If this were a cocktail party, I might say “stop me if you’ve heard this before ...” But it’s not, so I won’t. In fact, don’t stop me if you think you’ve heard this before. It really is a different story. Really.
The hot news that seems to herald the arrival of radio frequency identification (RFID) for item management is that a major U.K. retailer has replaced bar codes with RFID “smart labels” to identify and track totes of refrigerated food products.
Smart labels, as you’ll recall, are the inexpensive RFID tags in the UHF range (typically 13.56 MHz or 14.4 MHz) that are usually embedded in a self-adhesive label (although other configurations are available). Smart labels, in fact, are widely viewed (at least by those in the RFID community) as being the next, and most logical, evolutionary step in automatic identification and data collection (AIDC) applications.
The advantages to RFID have been clear for decades. RFID does not require line-of-sight, can read multiple tags (even inside packaging) nearly instantaneously, and requires no operator intervention at all. What’s more, fixed-location RFID readers are much less expensive than fixed-location bar code scanners.
The sticking point has always been the cost of the tags. While smart labels cost only a fraction of what earlier generations of RFID tags cost (currently less than 50 cents and even less than that in quantity), they’re still not quite what one might consider “disposable.” And “disposability” has long been considered the key to item tracking applications.
Conventional wisdom looked at the overall system cost and often balanced the number of tags against the number of readers. Need lots of tags and few readers? Go with bar code. Need lots of readers and few tags? Go with RFID. Of course, reusability was also included in the equation. If the tag was recycled within a facility or even between trading partners, then the cost-per-use was calculated.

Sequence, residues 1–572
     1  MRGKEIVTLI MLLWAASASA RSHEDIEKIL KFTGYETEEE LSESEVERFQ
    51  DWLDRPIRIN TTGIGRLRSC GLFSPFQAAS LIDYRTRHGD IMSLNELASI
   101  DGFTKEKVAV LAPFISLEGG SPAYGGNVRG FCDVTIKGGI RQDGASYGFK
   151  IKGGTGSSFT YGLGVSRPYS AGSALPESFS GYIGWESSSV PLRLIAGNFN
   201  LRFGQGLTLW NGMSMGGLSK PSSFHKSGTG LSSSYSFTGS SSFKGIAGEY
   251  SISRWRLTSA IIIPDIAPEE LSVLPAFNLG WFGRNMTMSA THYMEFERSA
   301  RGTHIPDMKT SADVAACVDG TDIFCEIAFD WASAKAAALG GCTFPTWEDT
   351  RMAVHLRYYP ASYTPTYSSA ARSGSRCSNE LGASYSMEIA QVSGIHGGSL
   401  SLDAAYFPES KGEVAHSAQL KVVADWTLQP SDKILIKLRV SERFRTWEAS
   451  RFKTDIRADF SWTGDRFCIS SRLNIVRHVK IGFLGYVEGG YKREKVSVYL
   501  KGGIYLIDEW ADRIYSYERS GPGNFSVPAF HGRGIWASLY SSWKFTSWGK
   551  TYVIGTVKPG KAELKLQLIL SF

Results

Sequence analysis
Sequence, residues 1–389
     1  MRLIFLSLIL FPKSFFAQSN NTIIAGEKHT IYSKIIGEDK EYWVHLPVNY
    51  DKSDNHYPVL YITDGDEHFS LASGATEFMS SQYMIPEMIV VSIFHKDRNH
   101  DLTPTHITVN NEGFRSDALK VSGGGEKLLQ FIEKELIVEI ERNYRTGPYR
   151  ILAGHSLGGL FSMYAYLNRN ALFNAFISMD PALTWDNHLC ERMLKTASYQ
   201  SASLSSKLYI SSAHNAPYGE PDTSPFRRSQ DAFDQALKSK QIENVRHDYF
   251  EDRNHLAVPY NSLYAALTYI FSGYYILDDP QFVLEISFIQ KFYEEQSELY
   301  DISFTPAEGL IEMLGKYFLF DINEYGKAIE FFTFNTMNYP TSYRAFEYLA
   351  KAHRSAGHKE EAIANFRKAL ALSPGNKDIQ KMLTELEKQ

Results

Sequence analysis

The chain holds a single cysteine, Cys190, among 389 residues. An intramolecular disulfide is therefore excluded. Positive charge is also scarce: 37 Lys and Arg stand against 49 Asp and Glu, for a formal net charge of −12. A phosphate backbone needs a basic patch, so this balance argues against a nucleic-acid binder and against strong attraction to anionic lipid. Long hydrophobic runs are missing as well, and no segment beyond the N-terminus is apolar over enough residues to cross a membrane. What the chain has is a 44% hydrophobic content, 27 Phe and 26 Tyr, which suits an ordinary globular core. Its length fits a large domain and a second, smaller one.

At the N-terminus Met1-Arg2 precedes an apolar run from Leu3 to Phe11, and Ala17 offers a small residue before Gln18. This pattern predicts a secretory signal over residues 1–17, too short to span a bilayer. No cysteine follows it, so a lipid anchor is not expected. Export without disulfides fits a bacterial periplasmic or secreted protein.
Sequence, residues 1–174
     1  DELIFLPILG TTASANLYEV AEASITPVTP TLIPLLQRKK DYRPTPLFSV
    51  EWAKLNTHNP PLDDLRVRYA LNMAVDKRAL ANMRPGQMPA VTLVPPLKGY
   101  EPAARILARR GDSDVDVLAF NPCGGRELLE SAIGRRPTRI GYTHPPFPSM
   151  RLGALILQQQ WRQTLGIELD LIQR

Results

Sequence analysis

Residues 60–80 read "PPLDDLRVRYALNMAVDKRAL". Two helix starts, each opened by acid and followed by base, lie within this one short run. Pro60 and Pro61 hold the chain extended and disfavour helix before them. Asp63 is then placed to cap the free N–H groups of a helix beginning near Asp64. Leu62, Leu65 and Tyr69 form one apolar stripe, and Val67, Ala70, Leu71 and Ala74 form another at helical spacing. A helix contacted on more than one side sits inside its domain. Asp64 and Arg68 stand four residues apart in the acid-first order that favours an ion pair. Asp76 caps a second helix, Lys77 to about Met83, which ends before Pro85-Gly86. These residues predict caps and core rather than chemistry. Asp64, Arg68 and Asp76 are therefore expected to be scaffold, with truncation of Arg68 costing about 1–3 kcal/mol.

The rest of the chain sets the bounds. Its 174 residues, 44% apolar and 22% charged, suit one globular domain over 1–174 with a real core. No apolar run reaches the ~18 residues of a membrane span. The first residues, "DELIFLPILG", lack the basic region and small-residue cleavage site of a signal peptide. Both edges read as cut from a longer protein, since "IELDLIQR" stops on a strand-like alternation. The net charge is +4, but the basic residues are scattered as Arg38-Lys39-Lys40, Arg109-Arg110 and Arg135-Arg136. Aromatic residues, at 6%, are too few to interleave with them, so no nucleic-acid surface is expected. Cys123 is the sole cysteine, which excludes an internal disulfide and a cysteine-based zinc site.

This equation overlooks the fact that bar codes can also be reused within a facility or among trading partners to identify reusable totes or pallets. Of course, you might need a more durable (read: expensive) label, which might cost 50 cents or more.
Now, let’s pause to reflect for a moment. Our “cheap” bar code label suddenly costs as much as — or more than — an “expensive” smart label. So even if with lots and lots of totes and pallets to identify, RFID might be cheaper because the readers are less expensive. And RFID has all those other advantages as well.
Of course, the problem with conventional wisdom is that it’s ... well ... conventional. It overlooks one of RFID’s real advantages: speed.
To uniquely identify every tote on a pallet with a bar code label, first you have to load the pallet so that the labels face out, then hand scan each one or invest in a very expensive tunnel scanner. Or you could implement a system to scan each tote as it goes onto the pallet, then scan the pallet. But each of these scenarios takes time.
Considering that a whole pallet of RFID tags can be read almost instantaneously and that orientation of the tag is less critical, it’s suddenly obvious that RFID offers real-time savings.
For this retailer, orders go out every morning by 7:30. Since freshness is a concern, there’s a definite “crunch” time in assembling, staging and loading shipments. This is one of the primary reasons the RFID system was implemented.
The retailer calculates that the RFID system will give an extra hour to prepare shipments — which gives more time to perform quality assurance checks on each tote.
All this is great. It’s the sort of thing we in the AIDC industry love to read (and write) about because it shows the power of AIDC.
But it’s hardly “big news.” RFID tags have been used to track returnable containers for years. And this is still a far cry from the item-level supply chain visibility we’re all waiting for.
So, although it might seem that RFID tags are “competing” with bar codes here, smart labels are really competing more against other RFID technologies. The “news” is that smart labels are making RFID more cost-effective for more of these applications.
Bert Moore, contributing editor, [email protected]